So, typically using Chapter 38 (new) or 39 (existing) from NFPA 101 as my baseline expectation for compliance, we started the document review (this particular organization is looking at embarking upon Joint Commission accreditation). A couple of tweaky things in the fire alarm testing documentation, but nothing of great concern; some tweaks relative to some utility systems testing, but again, nothing major. Then we started looking at the documentation of fire inspection reports and I ran into a somewhat unanticipated condition: the local fire inspector was using the state fire code (in this case, Massachusetts), which is based primarily on NFPA 1 Fire Code. I will freely admit that my familiarity with NFPA 1 as a specific document is rather limited, but I was able to make use of NFPA’s free access to important codes and standards through its online portal. Interestingly enough, there are a lot of common threads between 1 and 101, but for those of you with business occupancies separate from your main campus, it might behoove you to acquaint yourself with some of the basics, particularly if your state fire code is based on NFPA 1 (if I was good, I’d figure out which states those were—maybe another time).

Anyhoo, where things got kind of interesting was that the regional authority having jurisdiction for this particular organization was the state Department of Public Safety (DPS), who it appears are using NFPA 101 as their consensus standard for life safety. This organization is in what I will call a reclaimed warehouse (circa early 1900s), where things like egress may have been considered, but not to the degree in present day. The basement level is more than one-half story below the level of exit discharge (actually, the stairwell goes two levels below the level of exit discharge), so the DPS inspector told them they have to install a gate in each of two stairwells to prevent folks from heading down past the level of discharge. I think you’re probably familiar with that condition. Well, when the local inspector saw the gates, he cited the organization for obstructing egress (I looked at the area where the gates were installed and they were well out of the way of the egress route, but close enough to prompt departure from the stairwell). Now, I did look in NFPA 1 and cross-referenced it to the state fire code (there are certain elements of NFPA 1 that the state code does not adopt, but this wasn’t one of them) and the allowance (actually, I guess it is really a requirement) for the gates in the stairwells is clearly indicated in this particular situation. I encouraged the plant ops director to try and figure out a solution in coordination with the local guy when he returns for his re-inspection. I suspect (hope) that this was just an interpretation based on a partial familiarity with the code in question (that’s never happened before, has it?) and that all will end well. I’ll keep you posted if I hear anything.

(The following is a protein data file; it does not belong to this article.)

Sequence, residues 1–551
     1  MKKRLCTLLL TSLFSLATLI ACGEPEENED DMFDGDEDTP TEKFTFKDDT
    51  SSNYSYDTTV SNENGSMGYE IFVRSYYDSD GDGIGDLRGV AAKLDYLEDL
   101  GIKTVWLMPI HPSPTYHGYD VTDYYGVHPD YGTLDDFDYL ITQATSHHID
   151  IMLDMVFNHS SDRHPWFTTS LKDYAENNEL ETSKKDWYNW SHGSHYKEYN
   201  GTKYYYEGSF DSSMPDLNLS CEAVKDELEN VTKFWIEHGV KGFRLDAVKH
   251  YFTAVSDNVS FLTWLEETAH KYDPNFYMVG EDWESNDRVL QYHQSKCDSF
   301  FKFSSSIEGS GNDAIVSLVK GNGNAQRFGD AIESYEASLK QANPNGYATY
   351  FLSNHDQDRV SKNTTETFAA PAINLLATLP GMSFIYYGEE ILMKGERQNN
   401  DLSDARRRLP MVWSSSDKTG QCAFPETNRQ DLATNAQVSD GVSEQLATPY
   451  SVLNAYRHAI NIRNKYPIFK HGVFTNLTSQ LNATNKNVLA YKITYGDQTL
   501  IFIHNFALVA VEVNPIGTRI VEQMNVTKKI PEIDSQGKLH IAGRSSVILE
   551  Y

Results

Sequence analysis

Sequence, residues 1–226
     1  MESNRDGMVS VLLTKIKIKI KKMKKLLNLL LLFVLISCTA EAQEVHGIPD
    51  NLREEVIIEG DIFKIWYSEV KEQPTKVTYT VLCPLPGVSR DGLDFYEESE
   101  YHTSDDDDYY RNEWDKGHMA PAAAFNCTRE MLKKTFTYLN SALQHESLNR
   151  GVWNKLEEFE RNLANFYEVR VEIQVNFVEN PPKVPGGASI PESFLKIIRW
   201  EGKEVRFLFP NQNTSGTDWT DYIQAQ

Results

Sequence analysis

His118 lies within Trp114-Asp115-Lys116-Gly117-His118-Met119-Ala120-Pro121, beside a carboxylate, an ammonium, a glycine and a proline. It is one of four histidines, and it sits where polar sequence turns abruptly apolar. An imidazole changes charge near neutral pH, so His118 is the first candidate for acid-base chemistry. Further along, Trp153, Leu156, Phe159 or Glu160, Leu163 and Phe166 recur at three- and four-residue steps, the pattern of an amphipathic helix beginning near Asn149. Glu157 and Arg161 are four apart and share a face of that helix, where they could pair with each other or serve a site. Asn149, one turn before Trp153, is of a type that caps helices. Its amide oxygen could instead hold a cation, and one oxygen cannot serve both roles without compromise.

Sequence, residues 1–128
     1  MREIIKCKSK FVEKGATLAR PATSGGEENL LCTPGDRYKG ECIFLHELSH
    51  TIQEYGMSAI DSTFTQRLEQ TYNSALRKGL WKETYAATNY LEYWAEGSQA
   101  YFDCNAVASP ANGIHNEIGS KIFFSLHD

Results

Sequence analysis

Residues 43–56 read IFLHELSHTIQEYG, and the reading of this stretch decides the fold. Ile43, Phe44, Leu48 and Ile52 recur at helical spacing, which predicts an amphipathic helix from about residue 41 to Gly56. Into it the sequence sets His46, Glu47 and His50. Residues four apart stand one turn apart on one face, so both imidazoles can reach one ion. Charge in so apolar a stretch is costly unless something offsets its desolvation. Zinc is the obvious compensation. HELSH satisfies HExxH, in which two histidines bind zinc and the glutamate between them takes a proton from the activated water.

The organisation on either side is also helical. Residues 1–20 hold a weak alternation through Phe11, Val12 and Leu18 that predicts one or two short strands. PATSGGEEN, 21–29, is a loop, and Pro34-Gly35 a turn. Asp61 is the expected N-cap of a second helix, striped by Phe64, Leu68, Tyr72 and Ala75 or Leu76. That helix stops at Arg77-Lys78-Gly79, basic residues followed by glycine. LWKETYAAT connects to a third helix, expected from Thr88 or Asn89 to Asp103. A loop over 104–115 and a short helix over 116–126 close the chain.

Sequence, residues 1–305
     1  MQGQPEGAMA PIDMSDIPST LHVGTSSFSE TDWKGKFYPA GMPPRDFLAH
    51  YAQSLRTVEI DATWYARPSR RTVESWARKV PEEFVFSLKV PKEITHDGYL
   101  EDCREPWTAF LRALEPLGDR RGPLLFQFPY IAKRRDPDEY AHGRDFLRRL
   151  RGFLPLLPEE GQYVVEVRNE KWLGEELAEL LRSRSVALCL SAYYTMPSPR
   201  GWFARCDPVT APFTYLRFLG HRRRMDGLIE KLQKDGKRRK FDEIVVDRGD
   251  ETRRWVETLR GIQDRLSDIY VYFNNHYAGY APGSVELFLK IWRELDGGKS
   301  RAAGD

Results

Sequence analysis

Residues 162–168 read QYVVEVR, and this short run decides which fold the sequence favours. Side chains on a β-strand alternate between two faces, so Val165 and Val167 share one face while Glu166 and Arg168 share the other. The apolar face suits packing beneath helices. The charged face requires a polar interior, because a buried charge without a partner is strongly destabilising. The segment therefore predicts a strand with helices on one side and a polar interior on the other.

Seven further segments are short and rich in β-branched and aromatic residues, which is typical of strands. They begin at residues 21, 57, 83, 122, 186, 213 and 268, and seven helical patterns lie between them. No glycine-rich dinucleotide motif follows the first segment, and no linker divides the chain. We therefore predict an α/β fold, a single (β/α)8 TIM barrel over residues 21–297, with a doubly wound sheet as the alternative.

On top of ol’ yellow top

As it happens, I like to share topics and concerns that I encounter while engaged in consulting activities in many of the nooks and crannies of these United States, and I’ve recently run into a common theme that I think warrants your consideration, if not action (though it may ultimately come to just that). But it does appear that this particular vulnerability has reared its shaggy head because of an improving condition relative to infection control concerns—I guess there really is a dark cloud to go with every silver lining.

Over the years, hospitals have been struggling with the management of Clostridium difficile, a very pesky germ typically identified by its street name: C. diff. And one of the key struggles therein revolves around the cleaning of the environment of patients with C. diff, for which the CDC recommends the use of an EPA-approved spore-killing disinfectant in rooms where C. diff patients are treated. And one of the more common (probably most common, but I can’t say that I’ve collected a ton of data in this regard, so this is merely an impression; feel free to validate or not) products used is one euphemistically known as the “yellow top” disinfectant wipes (I’m sure you’ve seen them, but if you’re not sure, you can find images, etc., here).